Wow! This 2006 Hungarian film is a visionary masterpiece of weird surrealism, with enough shocks and entrails to please even jaded gorehounds. And with a keen sense of visual splendor, director Palfi has crafted a stunning world flush with lush color, ingenious camerawork, and unlikely characters. After you've seen "Taxidermia", there's no doubt you've seen a work of cinematic art, but the subject matter remains both grotesque and repellant.
Spinning tales over three generations, the film opens with a jittery and annoyingly neurotic Hungarian military man who does some rather filthy things with meat, an obese woman, and a makeshift hole in a wooden shack. I'm not sure exactly what his ability to shoot fire from his cock means, but it's certainly memorable. He fathers a son by another man's wife, which leads into the film's second "part".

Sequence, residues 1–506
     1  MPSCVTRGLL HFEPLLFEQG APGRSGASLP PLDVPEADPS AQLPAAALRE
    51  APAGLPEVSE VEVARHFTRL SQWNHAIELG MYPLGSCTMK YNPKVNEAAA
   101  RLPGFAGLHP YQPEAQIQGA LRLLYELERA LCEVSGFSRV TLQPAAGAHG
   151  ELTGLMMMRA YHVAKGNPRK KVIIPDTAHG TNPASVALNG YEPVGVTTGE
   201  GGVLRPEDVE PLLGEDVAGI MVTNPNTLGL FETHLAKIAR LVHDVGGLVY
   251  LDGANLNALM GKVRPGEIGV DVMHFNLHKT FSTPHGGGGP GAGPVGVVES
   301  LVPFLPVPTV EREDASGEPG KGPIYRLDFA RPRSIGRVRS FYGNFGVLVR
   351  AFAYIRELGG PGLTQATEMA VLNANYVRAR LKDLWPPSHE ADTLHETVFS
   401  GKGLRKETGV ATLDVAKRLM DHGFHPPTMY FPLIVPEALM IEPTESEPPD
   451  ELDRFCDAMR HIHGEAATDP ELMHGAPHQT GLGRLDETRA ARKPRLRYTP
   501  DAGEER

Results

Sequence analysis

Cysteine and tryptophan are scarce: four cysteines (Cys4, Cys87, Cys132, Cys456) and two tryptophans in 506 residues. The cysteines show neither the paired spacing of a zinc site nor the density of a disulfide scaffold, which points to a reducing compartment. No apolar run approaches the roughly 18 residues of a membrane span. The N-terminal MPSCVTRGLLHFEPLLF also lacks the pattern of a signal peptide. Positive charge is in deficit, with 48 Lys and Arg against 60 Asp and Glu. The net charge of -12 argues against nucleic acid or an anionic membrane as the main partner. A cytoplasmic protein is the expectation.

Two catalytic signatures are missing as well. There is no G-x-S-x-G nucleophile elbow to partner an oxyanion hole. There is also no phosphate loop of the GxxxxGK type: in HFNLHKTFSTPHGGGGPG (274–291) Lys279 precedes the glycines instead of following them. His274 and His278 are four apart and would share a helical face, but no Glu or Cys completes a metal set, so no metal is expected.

Fast forward a couple of decades later, and this son becomes a competitive speed-eater, and meets a similarly obese woman. After many gross-out scenes of gluttony, man and woman spawn another child. The child becomes a skinny taxidermist, and his grisly hobby gets even weirder from there.
The film is almost entirely in Hungarian, so the dialogue was lost on me. Nonetheless, "Taxidermia" is a wonderful and stunning work of dark humor and bodily obsession that begs for further attention. Don't miss this work of startling originality. And, with a soundtrack by respected electronic artist Amon Tobin, you're in for a treat in the audio department, too. (Regent Releasing)